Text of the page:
In 2010, Xcel Energy  (NYSE: XEL  ) tested a hybrid solar – coal approach when it constructed the Cameo Generating Plant. Although the plant was dismantled, Xcel found that the generated solar power increased the plant efficiency by 1% and replaced more than 260 tons of coal; however, this was not as substantial as what Xcel was expecting. As a result, Xcel has no intentions of developing another hybrid, CSP-fossil fuel, plant. It did find, in the final report on the project, that in the future technological improvements may make the system cost-effective enough to warrant another attempt. 

Looking down the road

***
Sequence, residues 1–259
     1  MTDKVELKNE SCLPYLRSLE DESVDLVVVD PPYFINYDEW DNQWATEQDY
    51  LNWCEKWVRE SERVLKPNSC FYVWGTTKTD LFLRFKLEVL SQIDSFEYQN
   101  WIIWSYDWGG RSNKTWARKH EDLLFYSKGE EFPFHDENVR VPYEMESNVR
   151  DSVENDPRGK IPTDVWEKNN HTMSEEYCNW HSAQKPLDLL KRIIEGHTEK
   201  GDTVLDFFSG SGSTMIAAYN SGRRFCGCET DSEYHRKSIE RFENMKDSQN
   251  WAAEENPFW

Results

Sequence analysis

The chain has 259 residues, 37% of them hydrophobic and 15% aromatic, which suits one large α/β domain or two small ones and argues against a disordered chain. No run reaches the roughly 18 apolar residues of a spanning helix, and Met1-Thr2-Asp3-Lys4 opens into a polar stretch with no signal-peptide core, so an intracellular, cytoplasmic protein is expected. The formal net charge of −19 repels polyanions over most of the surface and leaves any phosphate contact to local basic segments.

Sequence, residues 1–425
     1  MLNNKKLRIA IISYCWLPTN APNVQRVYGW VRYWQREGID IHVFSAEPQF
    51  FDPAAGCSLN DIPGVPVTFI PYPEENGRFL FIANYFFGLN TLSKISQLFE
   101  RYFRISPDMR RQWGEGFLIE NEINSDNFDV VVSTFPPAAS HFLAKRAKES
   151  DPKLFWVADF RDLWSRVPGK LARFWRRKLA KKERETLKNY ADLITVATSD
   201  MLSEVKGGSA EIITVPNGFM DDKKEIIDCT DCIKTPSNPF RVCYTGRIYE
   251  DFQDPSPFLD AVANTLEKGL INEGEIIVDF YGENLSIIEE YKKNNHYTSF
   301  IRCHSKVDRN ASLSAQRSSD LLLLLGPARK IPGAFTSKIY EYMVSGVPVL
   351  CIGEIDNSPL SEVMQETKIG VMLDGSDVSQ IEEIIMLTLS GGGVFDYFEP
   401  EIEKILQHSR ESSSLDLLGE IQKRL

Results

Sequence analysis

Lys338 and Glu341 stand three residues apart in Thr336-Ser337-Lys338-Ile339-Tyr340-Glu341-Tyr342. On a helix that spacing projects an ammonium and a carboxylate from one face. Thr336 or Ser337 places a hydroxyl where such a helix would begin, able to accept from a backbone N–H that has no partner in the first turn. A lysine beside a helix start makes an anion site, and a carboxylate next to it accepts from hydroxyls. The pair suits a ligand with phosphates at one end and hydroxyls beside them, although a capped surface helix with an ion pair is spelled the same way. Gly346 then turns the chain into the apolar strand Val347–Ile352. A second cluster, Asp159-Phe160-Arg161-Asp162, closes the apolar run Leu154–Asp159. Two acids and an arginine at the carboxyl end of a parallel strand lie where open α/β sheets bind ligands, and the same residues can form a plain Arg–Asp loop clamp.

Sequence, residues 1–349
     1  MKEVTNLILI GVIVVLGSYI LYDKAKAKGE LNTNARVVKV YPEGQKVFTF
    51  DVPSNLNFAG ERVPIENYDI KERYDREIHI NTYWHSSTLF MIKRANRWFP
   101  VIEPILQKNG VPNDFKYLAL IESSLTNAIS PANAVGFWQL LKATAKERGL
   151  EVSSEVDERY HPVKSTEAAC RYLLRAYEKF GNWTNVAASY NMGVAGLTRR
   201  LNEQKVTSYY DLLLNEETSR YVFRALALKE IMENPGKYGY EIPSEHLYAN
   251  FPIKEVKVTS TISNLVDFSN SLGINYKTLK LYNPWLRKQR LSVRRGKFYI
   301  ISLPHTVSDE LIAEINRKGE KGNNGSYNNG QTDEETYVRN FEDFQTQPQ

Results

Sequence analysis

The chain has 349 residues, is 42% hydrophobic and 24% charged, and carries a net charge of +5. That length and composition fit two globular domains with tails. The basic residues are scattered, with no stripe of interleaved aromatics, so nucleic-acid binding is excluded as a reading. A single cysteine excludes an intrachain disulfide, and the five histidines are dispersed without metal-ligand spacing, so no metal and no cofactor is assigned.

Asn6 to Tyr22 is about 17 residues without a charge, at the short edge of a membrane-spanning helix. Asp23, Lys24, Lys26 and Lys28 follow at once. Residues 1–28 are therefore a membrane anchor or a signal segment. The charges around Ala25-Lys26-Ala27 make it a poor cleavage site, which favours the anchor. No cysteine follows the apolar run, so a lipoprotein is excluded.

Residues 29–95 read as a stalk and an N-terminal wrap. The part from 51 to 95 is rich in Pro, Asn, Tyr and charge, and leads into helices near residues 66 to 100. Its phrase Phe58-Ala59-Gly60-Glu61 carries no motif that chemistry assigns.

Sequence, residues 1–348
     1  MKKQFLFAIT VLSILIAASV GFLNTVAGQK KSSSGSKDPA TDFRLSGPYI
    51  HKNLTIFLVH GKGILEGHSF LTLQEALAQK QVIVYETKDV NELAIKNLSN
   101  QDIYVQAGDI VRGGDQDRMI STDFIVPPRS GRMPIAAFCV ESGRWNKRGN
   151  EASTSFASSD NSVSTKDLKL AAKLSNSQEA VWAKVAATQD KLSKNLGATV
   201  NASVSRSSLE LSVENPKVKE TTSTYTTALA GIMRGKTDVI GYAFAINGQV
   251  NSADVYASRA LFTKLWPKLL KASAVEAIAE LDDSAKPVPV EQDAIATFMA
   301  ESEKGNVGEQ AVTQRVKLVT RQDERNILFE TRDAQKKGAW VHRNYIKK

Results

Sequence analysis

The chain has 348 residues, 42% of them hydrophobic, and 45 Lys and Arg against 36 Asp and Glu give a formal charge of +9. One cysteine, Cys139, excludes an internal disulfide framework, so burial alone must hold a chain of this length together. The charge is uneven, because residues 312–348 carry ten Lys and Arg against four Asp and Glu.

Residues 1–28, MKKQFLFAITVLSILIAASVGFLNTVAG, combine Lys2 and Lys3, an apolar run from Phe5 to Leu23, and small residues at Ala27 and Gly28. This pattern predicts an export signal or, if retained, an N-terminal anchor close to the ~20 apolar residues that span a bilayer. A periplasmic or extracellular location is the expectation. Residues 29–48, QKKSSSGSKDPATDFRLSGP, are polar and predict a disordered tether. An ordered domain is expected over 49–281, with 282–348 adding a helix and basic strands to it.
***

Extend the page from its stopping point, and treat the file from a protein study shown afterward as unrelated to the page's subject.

For those uninterested in investing in a utility, one possibility is choosing the company directly responsible for the development of the entire facility. GE (NYSE: GE  ) is planning on beginning operations of the world's first Integrated Renewables Combined Cycle, or IRCC, power plant in 2015. Located in Turkey, the 530 MW facility, which is expected to provide an unprecedented 70% efficiency, will use 22 MW of GE wind turbines, and 50 MW of CSP technology, which will be provided by eSolar, a provider of CSP technology, in which GE has an investment and licensing agreement. According to the company, "GE will license and incorporate eSolar technology and software into its IRCC and stand-alone solar thermal power plants." This suggests that GE does not envision the project in Turkey as a stand-alone operation, but rather the beginning of a new era in power plant development.